No to NGOs
“Our system is less complicated because we do not allow NGOs to join the party list,” says Dr. Suchit Bunbongkarn, a member of the assembly that drafted the 1997 Thai Constitution. Although he also considers the NGOs’ electoral participation as a political breakthrough, they should be made to play fair, he says.

Suchit is now a justice of the Constitutional Court, an independent body whose task is to decide if any bill, law, government rule or policy is in accordance with the Charter. If there were such a court in the Philippines, it would have been the one to decide on the controversial party-list case of 2001. And Suchit says, “If they (NGOs) want that privilege (of participating in the party list), they have to transform themselves into political parties, and compete as the others do.”

He says that if NGOs want to push their cause, their leaders may run in other arena, such as the senatorial or the constituency-based polls. In their senatorial elections, where candidates are required to run as independents, 30 percent of the seats were captured by former NGO leaders.

Gothom, formerly the leader of an NGO called Poll Watch Foundation, says there is nothing wrong with NGO leaders entering politics. But “dragging the entire movement or NGO into the elections” is a different story, he says. In a party-list contest, he points out, participants cannot claim moral distinction from the others—all of them are “after state power.” Which group gets represented should therefore be determined by nothing else but the number of votes it gathered, reasons Gothom.

Besides, Suchit points out that, as the Thai system has shown, there is no guarantee that the party’s campaign platform will be realized when its nominees are already in the parliament. “Representing the people’s voice will always depend on individual politicians,” he says.
Political scientist Sida Sonskri of Thammasat University came to the Philippines in 1996 to study the structure of the Comelec and the country’s electoral processes, with the intention of recommending to Thailand’s Constitutional Drafting Assembly whatever good points she could pick up. The inclusion of NGOs in the party list appealed to her, but she says that her government quickly shot down the idea. “They didn’t trust NGOs and were so sure that they would only create problems,” she recalls.

Sida says that Thai NGOs may need 10 more years to develop the political strength of their counterparts in the Philippines, such that they could network, form their political party, and compete in the party-list poll. Except for the fact that the NGOs in the Philippines had overdone their campaign, she says, the Philippines’ party-list system would be “useful because no one else will propose laws for the sectors except their own groups.”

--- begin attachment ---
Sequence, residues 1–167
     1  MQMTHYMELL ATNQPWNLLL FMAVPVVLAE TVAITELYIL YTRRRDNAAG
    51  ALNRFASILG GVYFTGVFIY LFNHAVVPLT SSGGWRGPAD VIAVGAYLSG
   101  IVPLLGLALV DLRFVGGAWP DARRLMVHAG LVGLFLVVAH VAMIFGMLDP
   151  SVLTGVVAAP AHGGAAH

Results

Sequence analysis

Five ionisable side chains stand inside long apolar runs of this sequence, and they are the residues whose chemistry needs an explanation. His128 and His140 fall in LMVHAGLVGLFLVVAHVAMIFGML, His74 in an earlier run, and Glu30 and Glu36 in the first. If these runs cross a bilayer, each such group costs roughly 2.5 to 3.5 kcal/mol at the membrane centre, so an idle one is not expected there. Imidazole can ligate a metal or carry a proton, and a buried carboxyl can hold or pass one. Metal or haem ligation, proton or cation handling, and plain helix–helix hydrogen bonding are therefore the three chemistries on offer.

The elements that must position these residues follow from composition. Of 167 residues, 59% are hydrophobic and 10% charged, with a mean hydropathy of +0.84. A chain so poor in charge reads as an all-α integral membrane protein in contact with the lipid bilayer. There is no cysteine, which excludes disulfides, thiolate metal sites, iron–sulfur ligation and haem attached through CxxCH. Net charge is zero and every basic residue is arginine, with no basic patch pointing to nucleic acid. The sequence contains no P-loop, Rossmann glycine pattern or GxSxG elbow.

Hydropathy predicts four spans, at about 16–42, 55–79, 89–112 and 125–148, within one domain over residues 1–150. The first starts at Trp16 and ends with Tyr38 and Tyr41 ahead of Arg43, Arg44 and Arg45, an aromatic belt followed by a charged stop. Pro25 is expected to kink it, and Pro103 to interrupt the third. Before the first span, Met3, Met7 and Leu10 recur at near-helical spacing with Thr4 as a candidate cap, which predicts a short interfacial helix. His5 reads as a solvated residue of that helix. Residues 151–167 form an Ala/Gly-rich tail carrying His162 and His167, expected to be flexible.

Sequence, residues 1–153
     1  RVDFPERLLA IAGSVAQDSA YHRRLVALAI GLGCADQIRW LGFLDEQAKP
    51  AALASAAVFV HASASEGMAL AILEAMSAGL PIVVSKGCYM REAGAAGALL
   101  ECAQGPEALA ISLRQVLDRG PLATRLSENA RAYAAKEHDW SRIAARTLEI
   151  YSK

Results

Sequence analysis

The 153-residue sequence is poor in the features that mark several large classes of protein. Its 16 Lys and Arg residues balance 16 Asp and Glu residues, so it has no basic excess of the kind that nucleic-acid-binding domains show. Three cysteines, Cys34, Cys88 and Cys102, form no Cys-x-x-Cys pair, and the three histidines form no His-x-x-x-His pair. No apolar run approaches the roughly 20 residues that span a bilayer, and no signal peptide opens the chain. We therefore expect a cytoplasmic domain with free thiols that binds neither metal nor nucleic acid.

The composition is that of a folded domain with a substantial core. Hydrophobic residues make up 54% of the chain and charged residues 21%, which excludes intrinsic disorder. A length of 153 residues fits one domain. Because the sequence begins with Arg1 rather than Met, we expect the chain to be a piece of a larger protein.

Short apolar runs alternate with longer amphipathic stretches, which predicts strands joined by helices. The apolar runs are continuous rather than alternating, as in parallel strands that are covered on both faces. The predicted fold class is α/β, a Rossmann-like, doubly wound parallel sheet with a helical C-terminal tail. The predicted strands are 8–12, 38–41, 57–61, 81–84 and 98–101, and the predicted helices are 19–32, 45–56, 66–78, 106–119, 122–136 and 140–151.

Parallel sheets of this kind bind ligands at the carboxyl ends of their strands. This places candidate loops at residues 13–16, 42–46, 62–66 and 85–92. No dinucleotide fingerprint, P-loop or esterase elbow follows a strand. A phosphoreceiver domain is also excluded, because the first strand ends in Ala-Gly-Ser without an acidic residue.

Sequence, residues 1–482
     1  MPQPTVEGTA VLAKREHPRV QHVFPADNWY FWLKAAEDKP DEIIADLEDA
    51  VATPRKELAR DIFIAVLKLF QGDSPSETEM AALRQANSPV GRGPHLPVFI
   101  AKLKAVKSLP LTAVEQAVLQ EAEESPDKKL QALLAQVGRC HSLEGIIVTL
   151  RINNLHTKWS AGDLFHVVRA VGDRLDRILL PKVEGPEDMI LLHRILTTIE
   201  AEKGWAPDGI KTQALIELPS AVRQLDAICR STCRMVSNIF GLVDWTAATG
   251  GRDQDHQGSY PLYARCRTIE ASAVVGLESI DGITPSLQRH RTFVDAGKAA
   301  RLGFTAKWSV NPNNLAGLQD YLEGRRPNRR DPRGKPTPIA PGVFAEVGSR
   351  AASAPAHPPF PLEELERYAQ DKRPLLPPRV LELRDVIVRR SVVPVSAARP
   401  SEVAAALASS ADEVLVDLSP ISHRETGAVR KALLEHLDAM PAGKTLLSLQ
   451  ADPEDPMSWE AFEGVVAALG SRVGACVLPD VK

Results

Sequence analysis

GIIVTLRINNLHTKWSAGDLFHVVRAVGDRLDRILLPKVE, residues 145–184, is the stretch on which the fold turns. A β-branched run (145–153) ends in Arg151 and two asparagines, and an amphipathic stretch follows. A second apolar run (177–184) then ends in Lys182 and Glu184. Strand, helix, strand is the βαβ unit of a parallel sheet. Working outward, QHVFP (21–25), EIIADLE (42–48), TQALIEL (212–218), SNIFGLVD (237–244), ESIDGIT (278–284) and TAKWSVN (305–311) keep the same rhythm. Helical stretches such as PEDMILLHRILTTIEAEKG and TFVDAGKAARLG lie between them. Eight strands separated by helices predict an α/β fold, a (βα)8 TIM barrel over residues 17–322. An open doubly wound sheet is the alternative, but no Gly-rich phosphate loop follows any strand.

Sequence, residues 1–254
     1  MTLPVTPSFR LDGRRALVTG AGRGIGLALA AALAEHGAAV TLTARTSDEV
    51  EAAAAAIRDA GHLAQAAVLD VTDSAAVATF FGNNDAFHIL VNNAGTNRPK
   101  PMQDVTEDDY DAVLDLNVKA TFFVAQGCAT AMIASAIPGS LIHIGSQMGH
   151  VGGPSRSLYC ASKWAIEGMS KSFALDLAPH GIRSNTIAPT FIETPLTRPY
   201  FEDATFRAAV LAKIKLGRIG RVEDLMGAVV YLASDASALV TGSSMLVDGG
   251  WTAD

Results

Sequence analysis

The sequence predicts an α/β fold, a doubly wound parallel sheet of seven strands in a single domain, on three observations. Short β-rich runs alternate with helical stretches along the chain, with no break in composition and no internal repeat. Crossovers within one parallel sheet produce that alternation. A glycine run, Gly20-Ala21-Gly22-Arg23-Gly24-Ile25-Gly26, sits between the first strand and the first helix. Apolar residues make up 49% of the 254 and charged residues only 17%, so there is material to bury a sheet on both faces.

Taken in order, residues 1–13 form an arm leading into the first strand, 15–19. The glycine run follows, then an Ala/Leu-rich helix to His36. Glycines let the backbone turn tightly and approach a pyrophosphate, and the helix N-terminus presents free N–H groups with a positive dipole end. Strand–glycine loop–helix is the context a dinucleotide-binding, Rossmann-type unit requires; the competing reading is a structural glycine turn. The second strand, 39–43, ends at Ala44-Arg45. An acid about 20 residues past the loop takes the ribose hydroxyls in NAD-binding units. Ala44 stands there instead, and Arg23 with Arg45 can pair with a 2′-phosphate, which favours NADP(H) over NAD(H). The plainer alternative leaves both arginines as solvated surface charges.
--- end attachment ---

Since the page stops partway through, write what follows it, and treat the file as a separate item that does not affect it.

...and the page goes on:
Start from square one
Gothom and Sida say it is unfortunate that the Philippines would fail in aspects where it has always been assumed to be stronger than Thailand. First, the Comelec is in a position to smoothly run a continuing voters’ education program because its provincial officers are civil servants who do not get replaced so often, unlike in Thailand where they are appointed and may be replaced on a whim.
The election watchdogs in the Philippines—such as the National Movement for Free Elections, the Parish Pastoral Council for Responsible Voting, Vote Care, and others—have established and more extensive networks than those in Thailand, note Gothom and Sida. They have also proven their ability to enlist volunteers on meager budgets, and have them work until the canvassing is through. If the Comelec could enlist their help, the Philippine government could accomplish the information drive without having to spend as much as Thailand did.

The Philippine party-list system clearly has to start from square one. Suggests Gothom: “Before you do an information campaign, you will have to decide first whether to amend your Constitution’s provision on the party list, or accept the Supreme Court decision. Otherwise, people will be saying different things and the public will remain confused.”

Philippine Congress is talking about amending the Constitution, and it will be wise for it to fix up the party-list mess in the process before another obvious failure takes place in the 2004 elections. Otherwise, it may be better to save the government’s money, and spare the people’s time and aspirations, by scrapping this pretension about proportional representation altogether.